‘Amy’ the documentary: The ultimate eulogy to Amy Winehouse
Emrah Güler - ANKARA“I don’t think I’m going to be at all famous. I don’t think I could handle it. I would probably go mad.” Confident of the supposed non-appeal of her brand of music to the pop market, Amy Winehouse muses midway in British filmmaker Asif Kapadia’s documentary “Amy,” currently on screens in the U.K., coinciding with the four-year anniversary of her untimely death on July 23.
Knowing very well the shape of things to come, these words haunt the audience for the rest of the documentary. Those three simple sentences are powerful enough to cap the heart of “Amy,” a sad and saddening film, without any need to sentimentalize or cash in on its subject matter.
As a singer, songwriter and all-around tabloid favorite, Amy Winehouse’s death at the age of 27 was pop culture news that rocked the media four years ago this week. With only two albums to her credit in the last decade, Winehouse was a one-woman force in the British music, single-handedly opening the way for contemporary female soul musicians.
Having proven himself as a revered documentary maker with 2010’s “Senna,” a look into the life and death of Brazilian Formula One champion Ayrton Senna, Kapadia delves into another globally-followed tragedy of the 21st century. At first glance, “Amy” follows the familiar structure of the biography documentary, a linear and chronological narrative of the life of its subject matter up until her death, chronicled mostly by interviews and archive footage.
Arduous and extensive research
While by definition “Amy” may follow a familiar structure, it becomes clear from the first minutes that it will steer away from any expectations and preconceived notions of a celebrity biography. The film begins with home-camera footage of a 14-year-old Winehouse singing at a birthday party with long-time friends Juliette Ashby (a singer and songwriter as well) and Lauren Gilbert.
The footage is one of many never-before-seen ones that take most of the screen time. Kapadia makes sure that the film is not a compilation of footage of Winehouse in awards shows and TV interviews that could easily have been found on YouTube. The unseen footage is accompanied by voicemail messages and demos of unheard tracks, impressive products of arduous and extensive research.
It was made known during the film’s world premiere last May at Cannes Film Festival that Kapadia conducted over 100 interviews for his documentary. Two dozen of these dominate the film, that include Ashby, Gilbert, other friends, managers, producers, musicians, Winehouse’s parents Mitch and Janis, as well as the bad-boy ex-husband Blake Fielder-Civil.
The interviews are incorporated into the film as voice-overs, accompanying images and relevant footage, never steering the film away from Amy Winehouse’s mesmerizing face. Close-ups of Winehouse’s face, even with poor quality personal home video shots, is a recurring image, giving time to take in the vulnerability we have all read and second guessed about but never truly had the chance to experience.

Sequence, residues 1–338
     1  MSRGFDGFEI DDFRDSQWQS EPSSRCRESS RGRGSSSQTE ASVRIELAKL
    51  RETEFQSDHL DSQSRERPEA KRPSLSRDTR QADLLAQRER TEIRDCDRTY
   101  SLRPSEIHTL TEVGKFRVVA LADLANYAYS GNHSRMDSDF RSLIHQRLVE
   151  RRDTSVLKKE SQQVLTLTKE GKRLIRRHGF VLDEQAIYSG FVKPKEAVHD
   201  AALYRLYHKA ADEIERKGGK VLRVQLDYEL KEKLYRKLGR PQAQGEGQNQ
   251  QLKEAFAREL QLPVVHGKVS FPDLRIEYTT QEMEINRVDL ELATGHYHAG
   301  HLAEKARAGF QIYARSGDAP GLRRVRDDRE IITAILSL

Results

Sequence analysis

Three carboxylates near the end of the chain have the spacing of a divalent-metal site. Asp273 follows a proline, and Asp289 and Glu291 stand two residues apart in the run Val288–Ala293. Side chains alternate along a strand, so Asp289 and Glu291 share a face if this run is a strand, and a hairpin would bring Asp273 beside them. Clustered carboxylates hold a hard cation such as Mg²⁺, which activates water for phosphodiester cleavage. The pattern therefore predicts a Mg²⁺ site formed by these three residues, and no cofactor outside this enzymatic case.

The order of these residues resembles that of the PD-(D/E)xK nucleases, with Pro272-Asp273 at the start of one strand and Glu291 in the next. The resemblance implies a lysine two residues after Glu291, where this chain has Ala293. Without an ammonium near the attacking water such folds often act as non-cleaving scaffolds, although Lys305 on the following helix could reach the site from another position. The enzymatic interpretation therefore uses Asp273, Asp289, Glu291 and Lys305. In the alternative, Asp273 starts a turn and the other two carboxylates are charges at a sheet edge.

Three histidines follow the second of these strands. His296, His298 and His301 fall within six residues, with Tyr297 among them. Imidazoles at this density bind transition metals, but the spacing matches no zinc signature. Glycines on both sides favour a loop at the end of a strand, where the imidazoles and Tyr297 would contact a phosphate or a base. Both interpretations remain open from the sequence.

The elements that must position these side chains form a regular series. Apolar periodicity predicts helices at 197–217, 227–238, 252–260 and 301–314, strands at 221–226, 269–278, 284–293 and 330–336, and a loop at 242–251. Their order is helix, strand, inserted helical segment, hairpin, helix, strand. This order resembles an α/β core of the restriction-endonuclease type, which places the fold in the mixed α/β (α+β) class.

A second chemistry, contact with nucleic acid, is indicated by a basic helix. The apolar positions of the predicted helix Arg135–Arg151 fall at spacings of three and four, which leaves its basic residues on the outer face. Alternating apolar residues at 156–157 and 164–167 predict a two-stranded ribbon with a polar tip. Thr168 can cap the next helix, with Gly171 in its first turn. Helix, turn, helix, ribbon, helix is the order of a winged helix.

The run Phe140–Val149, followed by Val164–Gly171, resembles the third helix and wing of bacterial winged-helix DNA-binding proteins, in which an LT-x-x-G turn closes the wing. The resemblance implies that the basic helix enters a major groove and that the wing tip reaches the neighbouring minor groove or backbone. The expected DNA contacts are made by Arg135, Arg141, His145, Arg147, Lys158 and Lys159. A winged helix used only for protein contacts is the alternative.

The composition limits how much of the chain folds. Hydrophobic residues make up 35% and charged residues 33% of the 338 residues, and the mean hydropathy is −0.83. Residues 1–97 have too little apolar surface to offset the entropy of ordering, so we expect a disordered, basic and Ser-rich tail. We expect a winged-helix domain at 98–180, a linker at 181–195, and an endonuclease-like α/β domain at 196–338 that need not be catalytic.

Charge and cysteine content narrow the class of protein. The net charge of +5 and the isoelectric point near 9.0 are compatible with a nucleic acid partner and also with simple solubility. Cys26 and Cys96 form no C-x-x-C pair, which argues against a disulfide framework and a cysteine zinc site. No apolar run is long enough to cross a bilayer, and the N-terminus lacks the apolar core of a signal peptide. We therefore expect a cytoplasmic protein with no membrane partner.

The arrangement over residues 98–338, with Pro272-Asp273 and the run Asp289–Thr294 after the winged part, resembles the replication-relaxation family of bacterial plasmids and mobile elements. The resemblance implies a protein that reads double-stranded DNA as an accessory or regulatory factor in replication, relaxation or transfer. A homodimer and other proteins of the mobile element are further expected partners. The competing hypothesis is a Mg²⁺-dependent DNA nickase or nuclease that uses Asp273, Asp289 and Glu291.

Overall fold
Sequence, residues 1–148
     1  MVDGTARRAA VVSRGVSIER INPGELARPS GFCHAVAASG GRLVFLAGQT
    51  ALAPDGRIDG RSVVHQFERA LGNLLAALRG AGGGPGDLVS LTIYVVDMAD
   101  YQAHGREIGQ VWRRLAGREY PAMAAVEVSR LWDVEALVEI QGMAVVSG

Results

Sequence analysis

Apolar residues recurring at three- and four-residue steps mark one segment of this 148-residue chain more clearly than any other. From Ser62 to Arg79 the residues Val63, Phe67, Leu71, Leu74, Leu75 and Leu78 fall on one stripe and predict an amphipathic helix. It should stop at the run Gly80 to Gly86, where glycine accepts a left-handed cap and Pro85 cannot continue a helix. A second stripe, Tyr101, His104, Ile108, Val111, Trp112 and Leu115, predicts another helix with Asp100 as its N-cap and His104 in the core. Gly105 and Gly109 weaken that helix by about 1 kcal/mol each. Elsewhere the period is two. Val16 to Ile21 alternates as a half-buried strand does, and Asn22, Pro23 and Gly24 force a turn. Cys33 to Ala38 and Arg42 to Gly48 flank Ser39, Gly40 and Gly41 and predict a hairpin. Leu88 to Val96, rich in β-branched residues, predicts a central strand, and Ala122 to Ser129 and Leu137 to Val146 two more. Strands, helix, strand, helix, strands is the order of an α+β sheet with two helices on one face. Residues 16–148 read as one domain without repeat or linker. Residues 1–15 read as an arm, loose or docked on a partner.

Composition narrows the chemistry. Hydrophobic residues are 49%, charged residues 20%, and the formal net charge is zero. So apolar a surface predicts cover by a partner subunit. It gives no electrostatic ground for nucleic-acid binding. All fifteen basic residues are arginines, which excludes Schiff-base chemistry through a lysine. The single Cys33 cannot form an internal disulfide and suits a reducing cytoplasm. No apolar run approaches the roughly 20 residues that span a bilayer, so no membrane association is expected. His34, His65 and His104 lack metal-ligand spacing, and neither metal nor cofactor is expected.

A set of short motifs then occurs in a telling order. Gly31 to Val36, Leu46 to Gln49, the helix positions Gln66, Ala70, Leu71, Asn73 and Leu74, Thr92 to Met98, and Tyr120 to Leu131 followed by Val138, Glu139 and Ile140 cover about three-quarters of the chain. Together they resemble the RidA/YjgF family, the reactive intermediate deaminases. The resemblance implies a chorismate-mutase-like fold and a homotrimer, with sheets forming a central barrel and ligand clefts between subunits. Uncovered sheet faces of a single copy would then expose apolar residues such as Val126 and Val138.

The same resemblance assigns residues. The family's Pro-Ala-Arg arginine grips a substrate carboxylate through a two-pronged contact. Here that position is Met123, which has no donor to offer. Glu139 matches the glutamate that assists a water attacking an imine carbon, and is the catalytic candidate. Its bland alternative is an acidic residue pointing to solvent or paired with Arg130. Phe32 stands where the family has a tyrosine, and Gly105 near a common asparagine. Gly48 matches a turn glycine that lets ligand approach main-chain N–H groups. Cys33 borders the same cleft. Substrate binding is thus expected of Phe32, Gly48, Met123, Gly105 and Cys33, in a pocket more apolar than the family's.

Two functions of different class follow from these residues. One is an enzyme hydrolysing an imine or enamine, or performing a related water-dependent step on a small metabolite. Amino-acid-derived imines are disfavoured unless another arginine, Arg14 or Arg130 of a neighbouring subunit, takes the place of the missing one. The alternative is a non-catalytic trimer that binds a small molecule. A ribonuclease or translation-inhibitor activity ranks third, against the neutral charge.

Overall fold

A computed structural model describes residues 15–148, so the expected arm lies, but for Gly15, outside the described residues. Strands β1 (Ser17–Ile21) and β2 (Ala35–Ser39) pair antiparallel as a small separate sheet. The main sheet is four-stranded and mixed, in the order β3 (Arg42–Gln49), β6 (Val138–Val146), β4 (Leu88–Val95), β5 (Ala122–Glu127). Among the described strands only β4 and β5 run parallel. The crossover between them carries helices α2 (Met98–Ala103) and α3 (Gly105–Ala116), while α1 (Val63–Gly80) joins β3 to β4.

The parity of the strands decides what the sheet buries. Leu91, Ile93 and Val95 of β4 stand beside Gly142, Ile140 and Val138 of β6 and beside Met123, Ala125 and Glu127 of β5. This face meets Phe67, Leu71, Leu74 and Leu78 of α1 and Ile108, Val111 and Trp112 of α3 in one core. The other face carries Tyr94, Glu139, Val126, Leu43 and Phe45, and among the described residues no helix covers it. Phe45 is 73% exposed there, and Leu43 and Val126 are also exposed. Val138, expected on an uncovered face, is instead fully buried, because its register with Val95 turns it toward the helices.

Winehouse’s voicemail to husband Blake, at that point in the full throttle of a toxic, destructive relationship, soaking with desperation and loneliness, is one of those heart-breaking moments. Same with when she confesses to a friend that the event she is attending is “so boring without drugs.” In another scene, she dismisses fellow singer Dido, oblivious to sounding PR-friendly in an interview.
‘You Hurt the Ones You Love’
“Amy” slowly and delicately unfolds the media pressure that succeeded in turning a bubbly, filthy-mouthed, carefree woman into a female celebrity insecure about her image. The complicity of tabloids in Winehouse’s death, that distributed images of her in her worst, wasted, abused and pencil-thin, and how lightly it was taken, often a shared joke, is the message in the second half of the film, if there is any message to be taken.
But, in fact, Kapadia is intent on laying the ground of his work on the exhaustive material he shares, thus distancing himself from a blame game, and letting the audience decide who is to take the weight on Winehouse’s journey to self-destruction. Amy’s father, Mitch, and Blake are the obvious frontrunners if anyone is to blame, with the Winehouse family publicly criticizing the film as “misleading.”
However, “Amy” becomes the ultimate eulogy for Winehouse, with its unfaltering focus on her music and her love of music. In life, she bared her soul and broken heart to millions through such classic songs like “You Know I’m No Good” and “Love is a Losing Game.” The confessions through her songs on her troubled love life takes on a new shape with the inclusion of previously unheard songs like “We’re Still Friends” and “You Hurt the Ones You Love.”
The scene where she meets her idol, the legendary jazz singer Tony Bennett, to record a duet days before her death sticks with you long after the film. Here, Amy Winehouse, the celebrity, is replaced by a trembling young woman, in awe of good music and good musicians. Here, in Bennett’s words, Amy is one of the jazz singers who “don’t like 50,000 people in front of them.” Here, she is a musician, in her own words, who “wouldn’t write anything unless it was directly personal” to her.
Recently, the Guardian published photos of Amy Winehouse taken by photographer Karen Robinson in 2003 and 2004, bringing a rare glimpse into the brightness and darkness that defined her short-lived public persona. “In 10 years, I’m not gonna be doing this. I’m gonna be looking after my husband and our seven kids,” one caption quotes Winehouse from 2003. She died on July 23, 2011. “Amy” is a chance to celebrate that fresh-faced bubbly young girl, who loved music more than anything.